Video footage has emerged on social media of a medic’s Rapid Response Vehicle being issued with a parking ticket on Trinity Road, Gosport.
Emergency vehicles are exempt from parking restrictions because they often have to park wherever they can to save someone’s life when responding to emergency calls.
In the video below, you can see the parking warden getting out of their vehicle before taking several pictures of the emergency vehicle.
The organisation to whom the vehicle belongs will now have to spend precious time on the admin required to cancel the parking fine.
Even when not responding to life-or-death calls, emergency vehicles are expected to position themselves in areas where it is likely that a member of the public will make an emergency call.
For example, you will often see emergency vehicles parked up in busy areas as they wait for a 999 call to be sent to them.
It is standard practice to locate medics away from their usual base so that they can get to an emergency more quickly, especially during rush hour.
Judging by the markings on the RRV, it appears to belong to SHARP Medical Services, a private company contracted by the NHS.
Private medical companies have been providing an invaluable service to the NHS since the pandemic begin, helping to alleviate some of the pressure faced by NHS emergency ambulance crews.
As well as responding to emergency calls, private ambulance companies have been transporting patients to-and-from hospitals.
If you have the Google News app on your phone, don’t forget to follow ‘Emergency Services News’.
Before you go...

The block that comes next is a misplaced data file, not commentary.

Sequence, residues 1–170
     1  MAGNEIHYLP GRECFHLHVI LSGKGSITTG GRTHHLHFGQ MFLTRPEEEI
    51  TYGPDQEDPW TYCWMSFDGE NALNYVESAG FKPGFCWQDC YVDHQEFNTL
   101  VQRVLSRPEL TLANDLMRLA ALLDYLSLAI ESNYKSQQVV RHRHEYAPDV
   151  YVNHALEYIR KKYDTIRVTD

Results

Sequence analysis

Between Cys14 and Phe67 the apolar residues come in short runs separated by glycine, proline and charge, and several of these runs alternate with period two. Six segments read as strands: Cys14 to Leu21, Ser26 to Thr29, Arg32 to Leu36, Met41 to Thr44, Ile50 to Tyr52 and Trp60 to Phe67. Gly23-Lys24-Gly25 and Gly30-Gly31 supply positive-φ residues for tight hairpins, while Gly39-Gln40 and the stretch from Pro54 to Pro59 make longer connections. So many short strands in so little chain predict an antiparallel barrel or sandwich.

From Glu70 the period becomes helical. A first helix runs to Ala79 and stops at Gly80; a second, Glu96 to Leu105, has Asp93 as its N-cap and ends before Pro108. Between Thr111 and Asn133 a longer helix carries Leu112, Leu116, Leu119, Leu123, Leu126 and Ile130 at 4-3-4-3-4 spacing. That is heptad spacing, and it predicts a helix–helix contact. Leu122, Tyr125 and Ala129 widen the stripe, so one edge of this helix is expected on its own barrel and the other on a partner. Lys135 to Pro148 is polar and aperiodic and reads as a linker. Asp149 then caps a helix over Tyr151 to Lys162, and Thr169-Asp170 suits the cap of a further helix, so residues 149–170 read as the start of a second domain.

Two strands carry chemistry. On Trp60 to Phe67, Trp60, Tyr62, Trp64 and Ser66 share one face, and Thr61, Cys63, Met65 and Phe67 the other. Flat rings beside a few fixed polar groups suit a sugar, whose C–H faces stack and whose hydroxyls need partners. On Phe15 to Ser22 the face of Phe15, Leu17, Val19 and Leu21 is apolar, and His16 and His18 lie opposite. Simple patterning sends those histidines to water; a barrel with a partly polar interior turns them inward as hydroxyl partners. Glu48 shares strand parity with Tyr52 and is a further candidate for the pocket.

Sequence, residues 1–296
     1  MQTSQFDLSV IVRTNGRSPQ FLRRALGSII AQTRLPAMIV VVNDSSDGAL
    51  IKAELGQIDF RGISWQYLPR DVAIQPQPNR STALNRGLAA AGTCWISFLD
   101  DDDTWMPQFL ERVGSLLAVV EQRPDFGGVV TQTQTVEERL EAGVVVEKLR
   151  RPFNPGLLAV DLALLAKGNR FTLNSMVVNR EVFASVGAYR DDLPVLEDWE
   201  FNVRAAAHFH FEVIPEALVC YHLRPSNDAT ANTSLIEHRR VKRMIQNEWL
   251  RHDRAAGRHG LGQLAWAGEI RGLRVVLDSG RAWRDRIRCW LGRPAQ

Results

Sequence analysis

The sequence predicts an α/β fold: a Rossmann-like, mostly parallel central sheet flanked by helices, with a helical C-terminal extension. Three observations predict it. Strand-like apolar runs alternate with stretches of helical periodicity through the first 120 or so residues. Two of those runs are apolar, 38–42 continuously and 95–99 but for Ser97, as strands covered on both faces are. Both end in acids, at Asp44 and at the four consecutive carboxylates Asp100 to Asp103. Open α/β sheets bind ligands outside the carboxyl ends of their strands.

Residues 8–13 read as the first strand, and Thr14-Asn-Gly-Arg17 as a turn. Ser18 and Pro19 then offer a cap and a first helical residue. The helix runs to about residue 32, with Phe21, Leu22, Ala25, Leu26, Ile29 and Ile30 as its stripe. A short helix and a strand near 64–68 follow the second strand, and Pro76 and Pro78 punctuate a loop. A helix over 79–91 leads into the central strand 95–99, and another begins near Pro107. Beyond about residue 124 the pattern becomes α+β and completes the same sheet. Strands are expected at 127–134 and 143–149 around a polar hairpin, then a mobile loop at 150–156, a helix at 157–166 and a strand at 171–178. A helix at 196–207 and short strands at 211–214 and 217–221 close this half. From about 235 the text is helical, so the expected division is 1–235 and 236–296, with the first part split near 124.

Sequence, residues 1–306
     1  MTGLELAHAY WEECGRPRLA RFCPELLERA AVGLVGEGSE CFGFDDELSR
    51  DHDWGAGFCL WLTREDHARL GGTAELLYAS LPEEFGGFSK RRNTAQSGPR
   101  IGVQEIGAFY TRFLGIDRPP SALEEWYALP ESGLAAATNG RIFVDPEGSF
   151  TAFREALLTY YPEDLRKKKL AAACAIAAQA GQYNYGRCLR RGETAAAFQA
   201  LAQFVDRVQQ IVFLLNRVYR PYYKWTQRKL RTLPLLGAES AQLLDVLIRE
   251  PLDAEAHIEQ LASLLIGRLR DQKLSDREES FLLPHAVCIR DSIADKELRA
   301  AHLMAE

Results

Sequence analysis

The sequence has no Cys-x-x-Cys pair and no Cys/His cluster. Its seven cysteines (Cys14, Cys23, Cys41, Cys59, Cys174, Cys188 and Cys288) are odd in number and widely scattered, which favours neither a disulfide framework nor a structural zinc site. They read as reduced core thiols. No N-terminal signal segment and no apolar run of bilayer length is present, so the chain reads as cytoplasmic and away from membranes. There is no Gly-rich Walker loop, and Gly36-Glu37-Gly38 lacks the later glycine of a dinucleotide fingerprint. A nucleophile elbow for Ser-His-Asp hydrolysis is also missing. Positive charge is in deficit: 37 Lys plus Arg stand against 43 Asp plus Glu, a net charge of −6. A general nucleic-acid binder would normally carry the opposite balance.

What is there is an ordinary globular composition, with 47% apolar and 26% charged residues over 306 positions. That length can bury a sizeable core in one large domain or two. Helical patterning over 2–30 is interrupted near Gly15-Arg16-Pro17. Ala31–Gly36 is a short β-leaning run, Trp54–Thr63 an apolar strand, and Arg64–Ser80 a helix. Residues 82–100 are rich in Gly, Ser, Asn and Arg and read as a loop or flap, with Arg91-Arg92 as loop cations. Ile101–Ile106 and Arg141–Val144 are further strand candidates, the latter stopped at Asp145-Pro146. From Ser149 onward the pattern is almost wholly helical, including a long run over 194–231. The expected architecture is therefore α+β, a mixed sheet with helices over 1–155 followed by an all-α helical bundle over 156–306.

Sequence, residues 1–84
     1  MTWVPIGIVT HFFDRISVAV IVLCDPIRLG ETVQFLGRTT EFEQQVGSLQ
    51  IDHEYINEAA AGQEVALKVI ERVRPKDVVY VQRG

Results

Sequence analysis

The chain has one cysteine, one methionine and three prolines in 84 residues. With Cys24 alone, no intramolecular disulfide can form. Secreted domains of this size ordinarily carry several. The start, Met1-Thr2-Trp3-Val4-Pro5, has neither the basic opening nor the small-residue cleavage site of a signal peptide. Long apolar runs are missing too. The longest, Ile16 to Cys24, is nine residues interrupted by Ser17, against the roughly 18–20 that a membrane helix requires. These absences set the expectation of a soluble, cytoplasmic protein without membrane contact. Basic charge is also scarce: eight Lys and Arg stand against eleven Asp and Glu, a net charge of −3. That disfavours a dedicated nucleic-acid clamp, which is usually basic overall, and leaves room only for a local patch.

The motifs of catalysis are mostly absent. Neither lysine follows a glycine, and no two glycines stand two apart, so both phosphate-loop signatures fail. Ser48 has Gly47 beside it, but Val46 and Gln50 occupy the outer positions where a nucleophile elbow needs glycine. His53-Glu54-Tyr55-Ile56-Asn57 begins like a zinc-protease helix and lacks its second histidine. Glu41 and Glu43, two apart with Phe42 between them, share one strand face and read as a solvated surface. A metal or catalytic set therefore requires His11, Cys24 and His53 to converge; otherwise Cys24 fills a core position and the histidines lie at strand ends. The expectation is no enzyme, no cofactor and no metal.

We need your help. As former emergency services & armed forces personnel, we pride ourselves on bringing you important, fast-moving and breaking news stories which are free from the negative bias which is often directed at the emergency services by some sections of the mainstream media.
One of the reasons we started 'Emergency Services News' was because we became tired of reading badly informed stories about the emergency services which seemed only ever to highlight negative aspects of the job.
We want to be the unheard voice of the remarkable men and women who serve in the emergency services, NHS and armed forces. And with around 500k page views each month, we are getting there!
As income from ads, the mainstay source of income for most publishers, continues to decline; we need the help of our readers.
And remember, if you have a service, product or job vacancy that you would like to promote to our large readership, then you can buy advertising space in our articles.
You can support emergency services news from as little as £1. It only takes a minute. Every contribution, however big or small, is vital for our future.
Please help us to continue to highlight the life-saving work of the emergency services, NHS and armed forces by becoming a supporter.